The government of Indonesia issued gender mainstreaming decree in 2000 to reduce the existing gender gaps. The purpose was to facilitate policies regarding women’s access to fundamental resources such as education, health, employment and social insurance (Surbakti & Devasahayam 2015). Gender gaps are decreasing, but still present in employment and decision-making processes in legislative agencies. Women are also still lagging behind in the reproductive health sector and empowerment. Things are changing but slowly (Ibid.). Family planning programs have been efficient and decreased the birth-rate in the period 1971-2000 from 5, 6 children per women to 2, 3 children per women, which has freed women to take part in productive work (Surbakti & Devasahayam 2015). In the whole country, women's access to education at all levels have increased, but there are provincial differences. Statistics from 2017 show that 14,25% of rural women over the age of 10 years in the province of Nusa Tenggara Barat have never attended school compared to 8,10% of men (BPS 2018). A change can be seen each year, in that both women and men are attending school to a higher extent now compared to 2009. For women, the percentage increase is higher, as compared to men (Ibid).

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6. Gender, agroforestry and candlenut (kemiri)

I have investigated the division of tasks between men and women in different nodes of the value chain, in order to understand how gender roles and responsibilities are affecting women’s participation in the value chain and if they benefit from the candlenut. In this chapter I will present; the production practices and use of candlenut; the candlenut value chain with all actors and how they are interlinked. Further down, in chapter 7. Gendered tasks, I continue the discussion about gendered divisions of tasks.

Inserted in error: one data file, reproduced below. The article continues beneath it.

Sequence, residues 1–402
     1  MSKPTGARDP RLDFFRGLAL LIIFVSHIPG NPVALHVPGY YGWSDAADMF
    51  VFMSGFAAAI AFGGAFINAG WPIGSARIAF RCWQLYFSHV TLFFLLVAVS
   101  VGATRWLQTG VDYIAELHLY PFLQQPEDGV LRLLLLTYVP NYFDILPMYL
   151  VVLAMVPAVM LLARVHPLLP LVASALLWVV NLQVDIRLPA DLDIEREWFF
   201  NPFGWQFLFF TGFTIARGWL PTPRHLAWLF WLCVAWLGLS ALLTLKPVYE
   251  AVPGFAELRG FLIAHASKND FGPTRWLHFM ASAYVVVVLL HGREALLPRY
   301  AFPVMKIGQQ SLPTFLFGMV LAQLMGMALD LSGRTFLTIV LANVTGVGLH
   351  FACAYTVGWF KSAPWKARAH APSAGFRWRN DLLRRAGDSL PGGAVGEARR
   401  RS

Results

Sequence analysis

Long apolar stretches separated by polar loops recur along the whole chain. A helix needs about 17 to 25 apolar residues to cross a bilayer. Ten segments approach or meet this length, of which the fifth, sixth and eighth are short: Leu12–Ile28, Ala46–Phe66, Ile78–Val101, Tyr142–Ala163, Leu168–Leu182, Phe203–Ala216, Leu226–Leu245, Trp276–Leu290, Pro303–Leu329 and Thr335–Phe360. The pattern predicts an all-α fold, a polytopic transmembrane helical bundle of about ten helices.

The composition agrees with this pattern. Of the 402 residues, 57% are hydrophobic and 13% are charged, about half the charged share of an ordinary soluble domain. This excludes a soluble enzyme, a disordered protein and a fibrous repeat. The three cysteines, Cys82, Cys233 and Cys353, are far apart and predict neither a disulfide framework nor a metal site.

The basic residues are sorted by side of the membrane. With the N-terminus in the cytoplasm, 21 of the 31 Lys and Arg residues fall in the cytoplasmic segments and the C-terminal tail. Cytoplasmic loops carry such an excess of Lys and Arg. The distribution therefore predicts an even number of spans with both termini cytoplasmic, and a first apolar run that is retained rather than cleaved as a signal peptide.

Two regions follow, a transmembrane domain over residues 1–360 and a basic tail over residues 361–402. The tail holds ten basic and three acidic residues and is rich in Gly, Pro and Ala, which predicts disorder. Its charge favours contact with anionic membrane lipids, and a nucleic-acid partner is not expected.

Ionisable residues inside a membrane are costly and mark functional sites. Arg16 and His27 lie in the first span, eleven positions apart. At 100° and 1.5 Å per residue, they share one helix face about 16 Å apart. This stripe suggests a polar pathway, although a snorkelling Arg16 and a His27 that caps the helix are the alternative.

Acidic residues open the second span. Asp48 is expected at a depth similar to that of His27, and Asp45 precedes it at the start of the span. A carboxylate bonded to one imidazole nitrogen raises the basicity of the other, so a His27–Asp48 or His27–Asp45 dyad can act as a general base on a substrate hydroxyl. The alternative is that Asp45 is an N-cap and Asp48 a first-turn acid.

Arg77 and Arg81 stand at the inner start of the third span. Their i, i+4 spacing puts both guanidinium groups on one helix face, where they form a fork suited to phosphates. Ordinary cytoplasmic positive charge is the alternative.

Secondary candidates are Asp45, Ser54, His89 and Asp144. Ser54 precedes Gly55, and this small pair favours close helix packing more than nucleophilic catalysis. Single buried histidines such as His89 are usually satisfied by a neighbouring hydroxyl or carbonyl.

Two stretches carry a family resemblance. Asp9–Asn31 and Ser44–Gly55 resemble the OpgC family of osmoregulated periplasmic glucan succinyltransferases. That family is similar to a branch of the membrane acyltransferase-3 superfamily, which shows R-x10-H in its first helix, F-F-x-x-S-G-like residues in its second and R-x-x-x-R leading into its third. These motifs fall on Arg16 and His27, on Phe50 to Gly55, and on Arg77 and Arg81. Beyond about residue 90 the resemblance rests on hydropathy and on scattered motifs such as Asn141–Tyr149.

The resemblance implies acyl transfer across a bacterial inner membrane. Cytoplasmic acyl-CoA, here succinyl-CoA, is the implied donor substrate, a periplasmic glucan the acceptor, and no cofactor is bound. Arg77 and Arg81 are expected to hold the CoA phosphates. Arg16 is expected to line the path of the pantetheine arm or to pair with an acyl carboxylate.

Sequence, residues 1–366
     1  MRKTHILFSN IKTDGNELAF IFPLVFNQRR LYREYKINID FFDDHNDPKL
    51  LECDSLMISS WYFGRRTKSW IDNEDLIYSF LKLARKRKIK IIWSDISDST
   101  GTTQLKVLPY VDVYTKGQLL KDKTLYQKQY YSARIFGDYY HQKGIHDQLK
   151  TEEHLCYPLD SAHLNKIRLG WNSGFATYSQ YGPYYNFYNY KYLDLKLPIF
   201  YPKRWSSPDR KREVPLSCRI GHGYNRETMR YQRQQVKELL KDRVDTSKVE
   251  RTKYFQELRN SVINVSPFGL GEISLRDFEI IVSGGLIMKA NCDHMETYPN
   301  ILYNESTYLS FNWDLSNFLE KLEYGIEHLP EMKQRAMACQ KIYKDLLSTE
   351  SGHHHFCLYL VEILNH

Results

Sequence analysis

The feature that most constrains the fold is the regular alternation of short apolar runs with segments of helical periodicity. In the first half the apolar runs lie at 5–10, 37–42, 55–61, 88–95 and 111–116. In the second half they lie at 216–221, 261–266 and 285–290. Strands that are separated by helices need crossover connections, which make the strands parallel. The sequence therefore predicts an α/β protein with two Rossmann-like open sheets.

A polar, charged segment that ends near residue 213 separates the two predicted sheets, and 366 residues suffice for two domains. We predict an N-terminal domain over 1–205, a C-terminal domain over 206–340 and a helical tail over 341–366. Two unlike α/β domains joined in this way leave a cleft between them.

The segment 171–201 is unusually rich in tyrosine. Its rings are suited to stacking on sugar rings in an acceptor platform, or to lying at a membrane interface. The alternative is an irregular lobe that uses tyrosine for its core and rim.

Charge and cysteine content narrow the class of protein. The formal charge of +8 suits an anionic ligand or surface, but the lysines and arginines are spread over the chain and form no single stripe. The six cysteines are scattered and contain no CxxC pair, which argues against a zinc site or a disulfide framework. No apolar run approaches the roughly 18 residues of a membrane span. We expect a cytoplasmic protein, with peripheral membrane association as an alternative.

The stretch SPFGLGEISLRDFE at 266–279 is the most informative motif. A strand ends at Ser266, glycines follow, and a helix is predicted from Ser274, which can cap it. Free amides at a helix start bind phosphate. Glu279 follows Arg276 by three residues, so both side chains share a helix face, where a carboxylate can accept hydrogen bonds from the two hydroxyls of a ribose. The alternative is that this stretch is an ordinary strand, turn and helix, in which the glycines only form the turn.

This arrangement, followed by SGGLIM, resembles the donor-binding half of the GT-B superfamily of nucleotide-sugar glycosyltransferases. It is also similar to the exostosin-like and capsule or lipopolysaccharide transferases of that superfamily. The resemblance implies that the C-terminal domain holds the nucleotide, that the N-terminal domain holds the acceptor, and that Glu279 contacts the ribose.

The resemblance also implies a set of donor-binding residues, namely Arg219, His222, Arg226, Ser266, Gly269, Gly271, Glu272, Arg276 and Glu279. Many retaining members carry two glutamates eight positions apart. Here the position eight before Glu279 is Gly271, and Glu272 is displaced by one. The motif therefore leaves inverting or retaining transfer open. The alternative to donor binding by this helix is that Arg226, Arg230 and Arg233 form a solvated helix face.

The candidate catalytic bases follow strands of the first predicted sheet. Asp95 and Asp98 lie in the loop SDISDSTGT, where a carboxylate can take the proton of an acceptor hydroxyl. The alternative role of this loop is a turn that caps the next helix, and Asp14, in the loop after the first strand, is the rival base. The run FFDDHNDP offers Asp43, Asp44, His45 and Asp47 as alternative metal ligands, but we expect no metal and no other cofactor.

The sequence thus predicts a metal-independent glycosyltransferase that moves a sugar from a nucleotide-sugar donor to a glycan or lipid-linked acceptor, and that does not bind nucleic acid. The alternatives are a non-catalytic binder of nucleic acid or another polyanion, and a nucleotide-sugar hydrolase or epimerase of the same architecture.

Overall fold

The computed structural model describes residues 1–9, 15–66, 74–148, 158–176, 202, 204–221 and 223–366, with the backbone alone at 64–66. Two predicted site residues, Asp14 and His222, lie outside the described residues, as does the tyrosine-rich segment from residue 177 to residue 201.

While looking out over the forest covering the mountains I saw a green mass of vegetation, until Pak Hamzah told me that what I saw was mostly candlenut trees. He explained how to recognize the tree and I was amazed that the forest mainly consists of candlenut trees. Farmers in Batudulang are practising agroforestry systems. They are highly aware of the environmental benefits of having trees intercropped with annual crops, especially since they live in a mountain area where soil erosion can be a big issue if trees are cut down.

Nevertheless, many live on their production and need to have profitable crops that can give sufficient income. Candlenuts are one of the major income sources in Batudulang, and also one of the most important crops to avoid deforestation. Even if it is an important source of income, the price for the nut is very low compared to other crops. Most of the villagers sell the nut directly without processing it and thus the price keeps low. Janakiraman (2011) writes

”When local people have access to forests, they have a variety of benefits. In many cases,

these benefits are at the subsistence level. Using forest products can keep rural people from chronic hunger and extreme poverty. However, the commercial benefits have been slower to follow”.

In my understanding, they have candlenut as a daily income during the harvest season and this because it is easy to cultivate, harvest and sell.Almost everyone in Batudulang have forest with candlenuts that they inherited or planted on their own. For many, it was so obvious to have candlenuts that they did not even mention it to me when I asked what they cultivate. Pak Adi, a previous head of the village said:

“…One of the good things I did was to push the villagers to plant kemiri (candlenut) at the same time as the rice. Before people used to leave the fields when they were not productive anymore, now villagers can get a harvest from the fields through candlenuts and